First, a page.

Here is something that offended LBJ: The Vietnam Day Committee (VDC) insisted on using his image—presented upside down—on its promotional materials in the days leading up to their attempted march on the Oakland Army Terminal in 1965. These materials clearly intended to mock Johnson by displaying his portrait in a topsy-turvy manner, but what may be less obvious is that turning the president upside down can also be understood as casting a hex on him. The practice of symbolically turning someone upside down as part of a curse can be traced at least as far back as late-antiquity. For example, Christopher A. Faraone and Amina Cropp have shown evidence of Romans using an incantation against their enemies that included an inscription meaning, “turn upside-down!” Similar language is evident in the fourth-century curse that states, in part, “turn him, turn him upside-down!” In this way, VDC activists engaged in the sort of satirical practice outlined in Robert C. Elliott’s foundational study The Power of Satire: Magic, Ritual, Art and exemplified most hilariously in Ishmael Reed’s “D Hexorcism of Noxon D Awful,” which is anthologized in the aptly titled 19 Necromancers from Now, and Philip Roth’s Our Gang, two texts that satirically hex Richard Nixon.

The story of how the VDC came to deploy this particular strategy is interesting, especially insofar as it reveals something about the influence of postwar American writers on the symbols that the Anti-War Movement adopted during the mid- to late-Sixties. It is also very funny. Here is what happened . . .

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Singularity and Multitude in Mohsin Hamid’s How to Get Filthy Rich in Rising Asia

The fraught relationship between global capitalism and cultural identity looms large in the work of contemporary Pakistani writer Mohsin Hamid. His novel The Reluctant Fundamentalist, for example, tells the story of Changez, a young Pakistani man who attends Princeton University on scholarship before going to work for Underwood Samson, a high-powered asset valuation firm in New York City. But when the United States responds to the 9/11 terrorist attacks on the World Trade Center with a series of military invasions that throw the global power structure into high relief, Changez must confront the tensions within his personal identity as a transnational global subject. He soon recognizes that he “lacked a stable core,” and he confesses that he could no longer tell if he belonged “in New York, in Lahore, in both, in neither” (168). As the narrative progresses, Changez grows a beard, resigns his post at Underwood Samson, and returns to Pakistan, where he helps organize a series of large scale protests against American involvement in the Middle East and South Asia. What makes Changez’s transformation from pro-American market fundamentalist to anti-American political activist so compelling is that he exists both inside and outside the logic of global capitalism. By embodying both sides of the contemporary conflict between cosmopolitanism and parochialism, his consciousness troubles any clear distinction between “us” and “them”—a key mentality and core contradiction within neoliberal globalization. Like much of Hamid’s work, The Reluctant Fundamentalist asks us to consider the limits of this mentality and to question the extent to which a distinction between inside and outside—or the global and the local—is possible at this point in history.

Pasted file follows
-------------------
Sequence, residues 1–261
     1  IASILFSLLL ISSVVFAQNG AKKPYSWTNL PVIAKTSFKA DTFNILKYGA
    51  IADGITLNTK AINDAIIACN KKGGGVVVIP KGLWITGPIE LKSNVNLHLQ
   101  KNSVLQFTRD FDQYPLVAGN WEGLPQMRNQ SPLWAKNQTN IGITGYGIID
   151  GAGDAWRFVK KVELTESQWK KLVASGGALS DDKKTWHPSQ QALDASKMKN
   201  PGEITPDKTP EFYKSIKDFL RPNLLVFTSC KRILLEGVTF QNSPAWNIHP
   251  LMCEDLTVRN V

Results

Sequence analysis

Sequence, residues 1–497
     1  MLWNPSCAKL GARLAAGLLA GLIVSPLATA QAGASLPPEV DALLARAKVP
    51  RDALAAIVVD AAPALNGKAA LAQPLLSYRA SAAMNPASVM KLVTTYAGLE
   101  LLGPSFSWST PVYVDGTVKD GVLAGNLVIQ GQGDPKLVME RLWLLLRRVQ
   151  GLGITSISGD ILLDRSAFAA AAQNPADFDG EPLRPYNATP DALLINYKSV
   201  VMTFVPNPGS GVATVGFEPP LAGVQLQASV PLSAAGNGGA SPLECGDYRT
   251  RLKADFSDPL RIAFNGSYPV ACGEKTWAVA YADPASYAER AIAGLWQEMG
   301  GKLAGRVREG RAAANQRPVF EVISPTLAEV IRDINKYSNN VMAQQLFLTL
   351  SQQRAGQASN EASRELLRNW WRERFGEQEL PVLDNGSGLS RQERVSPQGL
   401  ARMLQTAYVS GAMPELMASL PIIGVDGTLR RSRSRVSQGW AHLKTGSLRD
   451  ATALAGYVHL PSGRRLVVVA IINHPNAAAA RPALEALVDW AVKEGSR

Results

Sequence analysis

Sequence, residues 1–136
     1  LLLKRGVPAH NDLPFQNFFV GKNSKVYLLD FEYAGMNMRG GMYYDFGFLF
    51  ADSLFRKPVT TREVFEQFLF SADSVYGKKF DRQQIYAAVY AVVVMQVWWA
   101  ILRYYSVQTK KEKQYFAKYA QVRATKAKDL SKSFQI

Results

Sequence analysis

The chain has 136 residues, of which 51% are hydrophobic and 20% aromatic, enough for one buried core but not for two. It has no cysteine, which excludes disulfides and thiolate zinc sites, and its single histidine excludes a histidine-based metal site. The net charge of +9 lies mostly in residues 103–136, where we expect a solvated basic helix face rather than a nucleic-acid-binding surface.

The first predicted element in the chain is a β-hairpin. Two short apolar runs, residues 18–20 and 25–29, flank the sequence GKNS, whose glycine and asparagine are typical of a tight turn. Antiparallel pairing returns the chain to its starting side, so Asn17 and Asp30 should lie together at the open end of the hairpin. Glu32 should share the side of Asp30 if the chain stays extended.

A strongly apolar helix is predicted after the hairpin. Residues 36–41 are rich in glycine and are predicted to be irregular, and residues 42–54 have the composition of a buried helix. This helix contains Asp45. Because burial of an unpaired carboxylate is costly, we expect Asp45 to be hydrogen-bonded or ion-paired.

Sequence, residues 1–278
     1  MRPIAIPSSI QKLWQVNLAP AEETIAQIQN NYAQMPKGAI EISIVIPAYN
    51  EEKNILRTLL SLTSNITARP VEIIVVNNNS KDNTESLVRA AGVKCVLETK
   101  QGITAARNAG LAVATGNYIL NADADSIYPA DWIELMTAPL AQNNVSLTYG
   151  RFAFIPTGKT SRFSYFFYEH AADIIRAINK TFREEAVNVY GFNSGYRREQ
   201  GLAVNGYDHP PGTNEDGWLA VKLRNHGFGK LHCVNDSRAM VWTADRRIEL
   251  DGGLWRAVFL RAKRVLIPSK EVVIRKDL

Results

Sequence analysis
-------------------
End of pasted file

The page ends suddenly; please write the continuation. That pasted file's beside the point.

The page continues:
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Robert F. Williams, Epideictic Rhetoric, and the African American Freedom Struggle